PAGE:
Components which consume IDataProtectionProvider must pass a unique purposes parameter to the CreateProtector method. The purposes parameter is inherent to the security of the data protection system, as it provides isolation between cryptographic consumers, even if the root cryptographic keys are the same.
When a consumer specifies a purpose, the purpose string is used along with the root cryptographic keys to derive cryptographic subkeys unique to that consumer. This isolates the consumer from all other cryptographic consumers in the application: no other component can read its payloads, and it cannot read any other component’s payloads. This isolation also renders infeasible entire categories of attack against the component.
In the diagram above IDataProtector instances A and B cannot read each other’s payloads, only their own.
The purpose string doesn’t have to be secret. It should simply be unique in the sense that no other well-behaved component will ever provide the same purpose string.
Using the namespace and type name of the component consuming the data protection APIs is a good rule of thumb, as in practice this information will never conflict.
A Contoso-authored component which is responsible for minting bearer tokens might use Contoso.Security.BearerToken as its purpose string. Or - even better - it might use Contoso.Security.BearerToken.v1 as its purpose string. Appending the version number allows a future version to use Contoso.Security.BearerToken.v2 as its purpose, and the different versions would be completely isolated from one another as far as payloads go.
Since the purposes parameter to CreateProtector is a string array, the above could have been instead specified as [ “Contoso.Security.BearerToken”, “v1” ]. This allows establishing a hierarchy of purposes and opens up the possibility of multi-tenancy scenarios with the data protection system.
Components should not allow untrusted user input to be the sole source of input for the purposes chain.
For example, consider a component Contoso.Messaging.SecureMessage which is responsible for storing secure messages. If the secure messaging component were to call CreateProtector([ username ]), then a malicious user might create an account with username “Contoso.Security.BearerToken” in an attempt to get the component to call CreateProtector([ “Contoso.Security.BearerToken” ]), thus inadvertently causing the secure messaging system to mint payloads that could be perceived as authentication tokens.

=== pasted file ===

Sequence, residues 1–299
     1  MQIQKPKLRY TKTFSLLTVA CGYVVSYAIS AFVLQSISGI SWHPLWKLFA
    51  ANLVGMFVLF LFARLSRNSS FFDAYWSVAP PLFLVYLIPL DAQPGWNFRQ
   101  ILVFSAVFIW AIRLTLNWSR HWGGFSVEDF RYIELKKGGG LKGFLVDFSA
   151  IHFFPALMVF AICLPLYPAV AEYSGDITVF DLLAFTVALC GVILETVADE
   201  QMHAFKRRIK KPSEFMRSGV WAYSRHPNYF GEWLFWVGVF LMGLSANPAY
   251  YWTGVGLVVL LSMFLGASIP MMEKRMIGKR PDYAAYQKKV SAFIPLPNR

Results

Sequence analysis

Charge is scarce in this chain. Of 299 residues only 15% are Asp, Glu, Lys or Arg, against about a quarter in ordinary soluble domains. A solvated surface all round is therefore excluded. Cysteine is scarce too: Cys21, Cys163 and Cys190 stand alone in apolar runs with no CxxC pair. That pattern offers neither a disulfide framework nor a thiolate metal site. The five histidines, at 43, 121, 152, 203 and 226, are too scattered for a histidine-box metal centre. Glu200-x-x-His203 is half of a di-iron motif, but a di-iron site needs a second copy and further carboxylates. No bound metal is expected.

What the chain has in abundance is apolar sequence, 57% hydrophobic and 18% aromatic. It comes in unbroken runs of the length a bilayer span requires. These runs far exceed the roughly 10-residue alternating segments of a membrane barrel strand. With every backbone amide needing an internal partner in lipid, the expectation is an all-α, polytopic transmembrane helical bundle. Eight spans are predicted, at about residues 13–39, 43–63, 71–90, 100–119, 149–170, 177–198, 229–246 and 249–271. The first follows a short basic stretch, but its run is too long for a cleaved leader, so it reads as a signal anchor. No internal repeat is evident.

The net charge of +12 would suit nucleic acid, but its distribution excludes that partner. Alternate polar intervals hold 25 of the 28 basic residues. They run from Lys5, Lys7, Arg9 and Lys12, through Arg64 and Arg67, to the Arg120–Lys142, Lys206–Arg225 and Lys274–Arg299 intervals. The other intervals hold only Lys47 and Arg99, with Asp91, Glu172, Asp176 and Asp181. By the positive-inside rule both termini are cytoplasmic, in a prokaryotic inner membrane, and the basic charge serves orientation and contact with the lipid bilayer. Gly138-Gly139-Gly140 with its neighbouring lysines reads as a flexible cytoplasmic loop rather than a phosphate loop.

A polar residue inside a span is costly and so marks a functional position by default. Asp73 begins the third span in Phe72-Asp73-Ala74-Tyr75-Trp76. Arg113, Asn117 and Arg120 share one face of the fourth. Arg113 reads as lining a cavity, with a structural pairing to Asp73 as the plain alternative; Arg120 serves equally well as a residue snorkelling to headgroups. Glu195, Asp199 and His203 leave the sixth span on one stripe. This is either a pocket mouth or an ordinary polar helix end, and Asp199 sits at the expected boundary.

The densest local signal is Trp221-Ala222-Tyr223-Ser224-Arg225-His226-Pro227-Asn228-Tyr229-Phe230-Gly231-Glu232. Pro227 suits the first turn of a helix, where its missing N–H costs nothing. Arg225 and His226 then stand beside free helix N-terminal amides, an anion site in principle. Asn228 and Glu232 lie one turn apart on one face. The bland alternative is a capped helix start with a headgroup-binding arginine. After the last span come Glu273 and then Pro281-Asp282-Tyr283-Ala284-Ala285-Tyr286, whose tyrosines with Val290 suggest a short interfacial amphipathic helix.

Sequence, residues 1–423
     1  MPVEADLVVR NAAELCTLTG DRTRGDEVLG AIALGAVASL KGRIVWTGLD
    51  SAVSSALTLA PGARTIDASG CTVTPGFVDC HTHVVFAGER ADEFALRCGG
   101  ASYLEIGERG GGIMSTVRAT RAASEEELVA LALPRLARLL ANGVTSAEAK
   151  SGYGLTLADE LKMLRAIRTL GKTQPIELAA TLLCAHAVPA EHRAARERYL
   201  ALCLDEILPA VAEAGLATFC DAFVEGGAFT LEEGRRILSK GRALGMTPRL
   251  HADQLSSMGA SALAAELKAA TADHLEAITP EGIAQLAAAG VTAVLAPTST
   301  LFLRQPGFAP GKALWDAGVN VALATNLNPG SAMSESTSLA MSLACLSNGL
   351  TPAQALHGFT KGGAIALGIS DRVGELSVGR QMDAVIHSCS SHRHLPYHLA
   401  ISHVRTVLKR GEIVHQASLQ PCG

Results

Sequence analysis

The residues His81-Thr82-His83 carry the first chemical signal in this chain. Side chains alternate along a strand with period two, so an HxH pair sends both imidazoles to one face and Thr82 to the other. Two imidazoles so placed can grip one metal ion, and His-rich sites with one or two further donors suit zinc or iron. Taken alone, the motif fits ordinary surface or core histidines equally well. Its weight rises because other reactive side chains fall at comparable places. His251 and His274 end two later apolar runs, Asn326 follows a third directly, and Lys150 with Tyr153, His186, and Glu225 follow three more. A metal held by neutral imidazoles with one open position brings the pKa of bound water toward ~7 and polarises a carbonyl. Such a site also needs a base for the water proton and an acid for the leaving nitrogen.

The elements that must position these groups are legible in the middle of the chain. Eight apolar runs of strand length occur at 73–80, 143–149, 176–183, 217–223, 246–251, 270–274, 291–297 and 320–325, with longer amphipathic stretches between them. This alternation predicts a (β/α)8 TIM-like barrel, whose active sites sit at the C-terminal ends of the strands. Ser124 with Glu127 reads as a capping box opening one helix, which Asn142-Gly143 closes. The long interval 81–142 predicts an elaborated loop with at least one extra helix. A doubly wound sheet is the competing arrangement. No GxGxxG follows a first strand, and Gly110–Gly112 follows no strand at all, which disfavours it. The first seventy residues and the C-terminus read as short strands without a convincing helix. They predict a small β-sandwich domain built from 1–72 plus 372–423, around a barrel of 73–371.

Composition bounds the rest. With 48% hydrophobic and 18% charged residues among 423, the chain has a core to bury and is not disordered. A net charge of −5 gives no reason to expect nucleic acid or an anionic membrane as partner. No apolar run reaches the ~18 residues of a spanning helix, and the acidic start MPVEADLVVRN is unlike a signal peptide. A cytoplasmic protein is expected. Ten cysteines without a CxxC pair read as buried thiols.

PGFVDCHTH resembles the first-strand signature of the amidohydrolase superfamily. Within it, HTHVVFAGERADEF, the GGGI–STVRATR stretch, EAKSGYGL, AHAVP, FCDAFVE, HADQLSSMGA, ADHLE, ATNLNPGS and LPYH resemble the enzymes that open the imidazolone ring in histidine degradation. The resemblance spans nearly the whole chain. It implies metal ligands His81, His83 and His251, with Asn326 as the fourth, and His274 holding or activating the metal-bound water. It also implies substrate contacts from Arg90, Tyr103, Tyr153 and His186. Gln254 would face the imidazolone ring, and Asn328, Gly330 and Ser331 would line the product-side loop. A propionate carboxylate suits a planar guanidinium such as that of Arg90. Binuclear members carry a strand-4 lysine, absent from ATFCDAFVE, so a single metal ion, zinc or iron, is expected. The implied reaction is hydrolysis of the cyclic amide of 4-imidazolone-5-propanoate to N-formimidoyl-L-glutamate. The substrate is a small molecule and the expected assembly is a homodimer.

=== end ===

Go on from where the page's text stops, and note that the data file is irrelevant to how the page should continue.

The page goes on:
A better purposes chain for the messaging component would be CreateProtector([ “Contoso.Messaging.SecureMessage”, “User: username” ]), which provides proper isolation.
The isolation provided by and behaviors of IDataProtectionProvider, IDataProtector, and purposes are as follows:
- For a given IDataProtectionProvider object, the CreateProtector method will create an IDataProtector object uniquely tied to both the IDataProtectionProvider object which created it and the purposes parameter which was passed into the method.
- The purpose parameter must not be null. (If purposes is specified as an array, this means that the array must not be of zero length and all elements of the array must be non-null.) An empty string purpose is technically allowed but is discouraged.
- Two purposes arguments are equivalent if and only if they contain the same strings (using an ordinal comparer) in the same order. A single purpose argument is equivalent to the corresponding single-element purposes array.
- Two IDataProtector objects are equivalent if and only if they are created from equivalent IDataProtectionProvider objects with equivalent purposes parameters.
- For a given IDataProtector object, a call to Unprotect(protectedData) will return the original unprotectedData if and only if protectedData := Protect(unprotectedData) for an equivalent IDataProtector object.
We’re not considering the case where some component intentionally chooses a purpose string which is known to conflict with another component. Such a component would essentially be considered malicious, and this system is not intended to provide security guarantees in the event that malicious code is already running inside of the worker process.